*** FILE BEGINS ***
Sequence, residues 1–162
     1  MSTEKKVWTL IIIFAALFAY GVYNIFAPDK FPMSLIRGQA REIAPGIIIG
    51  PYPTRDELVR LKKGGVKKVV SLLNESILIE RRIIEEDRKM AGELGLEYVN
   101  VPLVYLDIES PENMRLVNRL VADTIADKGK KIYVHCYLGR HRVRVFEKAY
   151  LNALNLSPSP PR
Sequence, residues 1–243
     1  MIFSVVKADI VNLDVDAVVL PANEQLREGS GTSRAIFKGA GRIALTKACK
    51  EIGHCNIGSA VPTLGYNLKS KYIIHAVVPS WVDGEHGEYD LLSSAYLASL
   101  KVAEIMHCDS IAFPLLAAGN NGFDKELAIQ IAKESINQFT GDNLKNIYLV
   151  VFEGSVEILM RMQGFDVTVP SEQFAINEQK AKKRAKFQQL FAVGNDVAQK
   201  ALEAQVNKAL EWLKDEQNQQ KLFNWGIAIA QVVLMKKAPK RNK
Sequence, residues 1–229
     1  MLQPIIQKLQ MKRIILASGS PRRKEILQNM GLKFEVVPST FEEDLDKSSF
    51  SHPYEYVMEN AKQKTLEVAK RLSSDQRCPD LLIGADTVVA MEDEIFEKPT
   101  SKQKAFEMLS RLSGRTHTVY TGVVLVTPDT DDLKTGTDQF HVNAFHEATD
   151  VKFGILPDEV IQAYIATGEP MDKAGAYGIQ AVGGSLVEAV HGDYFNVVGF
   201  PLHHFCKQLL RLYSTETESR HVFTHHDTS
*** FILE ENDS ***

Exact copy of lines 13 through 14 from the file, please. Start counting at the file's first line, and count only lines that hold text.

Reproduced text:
     1  MLQPIIQKLQ MKRIILASGS PRRKEILQNM GLKFEVVPST FEEDLDKSSF
    51  SHPYEYVMEN AKQKTLEVAK RLSSDQRCPD LLIGADTVVA MEDEIFEKPT